Foreskin  

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Train wreck at Montparnasse (October 22, 1895) by Studio Lévy and Sons.
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Train wreck at Montparnasse (October 22, 1895) by Studio Lévy and Sons.

In male human anatomy, the foreskin is the double-layered fold of smooth muscle tissue, blood vessels, neurons, skin, and mucous membrane part of the penis that covers and protects the glans penis and the urinary meatus. It is also described as the prepuce, a technically broader term that also includes the clitoral hood in women, to which the foreskin is embryonically homologous. The highly innervated mucocutaneous zone of the penis occurs near the tip of the foreskin. The foreskin is mobile, fairly stretchable, and acts as a natural lubricant.

The World Health Organization debates the precise functions of the foreskin, which may include "keeping the glans moist, protecting the developing penis in utero, or enhancing sexual pleasure due to the presence of nerve receptors".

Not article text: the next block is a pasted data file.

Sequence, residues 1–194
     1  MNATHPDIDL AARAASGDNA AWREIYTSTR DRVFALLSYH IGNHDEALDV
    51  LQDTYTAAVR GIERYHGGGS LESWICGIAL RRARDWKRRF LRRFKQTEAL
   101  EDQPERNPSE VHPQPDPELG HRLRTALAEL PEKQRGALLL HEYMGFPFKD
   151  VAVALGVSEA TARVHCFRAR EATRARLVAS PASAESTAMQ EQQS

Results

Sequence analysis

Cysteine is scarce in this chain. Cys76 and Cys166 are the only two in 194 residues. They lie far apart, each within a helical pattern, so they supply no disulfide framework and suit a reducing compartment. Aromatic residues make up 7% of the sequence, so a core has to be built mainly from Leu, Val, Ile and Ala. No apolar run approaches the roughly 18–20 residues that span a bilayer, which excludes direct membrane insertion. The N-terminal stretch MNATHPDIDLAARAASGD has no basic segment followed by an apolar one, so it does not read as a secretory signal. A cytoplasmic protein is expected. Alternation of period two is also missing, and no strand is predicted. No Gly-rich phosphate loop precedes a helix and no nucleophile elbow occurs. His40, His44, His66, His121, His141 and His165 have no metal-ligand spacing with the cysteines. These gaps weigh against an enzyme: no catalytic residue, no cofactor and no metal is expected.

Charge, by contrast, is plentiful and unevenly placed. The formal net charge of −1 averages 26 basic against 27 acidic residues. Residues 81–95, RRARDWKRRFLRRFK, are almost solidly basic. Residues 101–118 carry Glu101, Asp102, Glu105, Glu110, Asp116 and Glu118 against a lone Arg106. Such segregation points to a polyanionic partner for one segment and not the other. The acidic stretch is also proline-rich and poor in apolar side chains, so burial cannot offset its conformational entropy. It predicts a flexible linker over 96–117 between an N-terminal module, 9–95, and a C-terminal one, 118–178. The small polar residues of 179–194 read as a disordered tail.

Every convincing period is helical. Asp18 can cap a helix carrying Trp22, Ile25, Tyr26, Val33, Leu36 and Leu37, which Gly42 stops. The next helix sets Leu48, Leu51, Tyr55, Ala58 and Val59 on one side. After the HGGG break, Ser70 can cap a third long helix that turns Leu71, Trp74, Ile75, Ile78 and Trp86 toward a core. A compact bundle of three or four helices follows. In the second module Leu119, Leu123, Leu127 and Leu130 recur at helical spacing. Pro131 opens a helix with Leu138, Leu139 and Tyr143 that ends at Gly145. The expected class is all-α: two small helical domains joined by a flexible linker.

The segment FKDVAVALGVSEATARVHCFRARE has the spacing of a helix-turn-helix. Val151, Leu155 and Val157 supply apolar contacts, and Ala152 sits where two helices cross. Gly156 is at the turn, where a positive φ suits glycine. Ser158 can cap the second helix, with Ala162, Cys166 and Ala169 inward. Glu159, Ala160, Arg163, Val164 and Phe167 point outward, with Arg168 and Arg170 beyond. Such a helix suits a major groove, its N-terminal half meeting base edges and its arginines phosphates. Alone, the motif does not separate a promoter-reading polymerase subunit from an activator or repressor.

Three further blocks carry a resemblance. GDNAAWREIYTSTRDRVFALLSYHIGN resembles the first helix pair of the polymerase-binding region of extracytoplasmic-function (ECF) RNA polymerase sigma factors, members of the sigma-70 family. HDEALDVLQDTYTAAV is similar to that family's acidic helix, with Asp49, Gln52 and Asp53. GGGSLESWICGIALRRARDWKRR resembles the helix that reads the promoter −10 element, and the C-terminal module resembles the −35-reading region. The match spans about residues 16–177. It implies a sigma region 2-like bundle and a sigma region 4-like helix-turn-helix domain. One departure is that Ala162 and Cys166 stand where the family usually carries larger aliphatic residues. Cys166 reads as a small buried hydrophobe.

The foreskin may become subject to a number of pathological conditions. Most conditions are rare, and easily treated. In some cases, particularly with chronic conditions, treatment may include circumcision, a procedure where the foreskin is partially or completely removed.

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Unless indicated otherwise, the text in this article is either based on Wikipedia article "Foreskin" or another language Wikipedia page thereof used under the terms of the GNU Free Documentation License; or on original research by Jahsonic and friends. See Art and Popular Culture's copyright notice.

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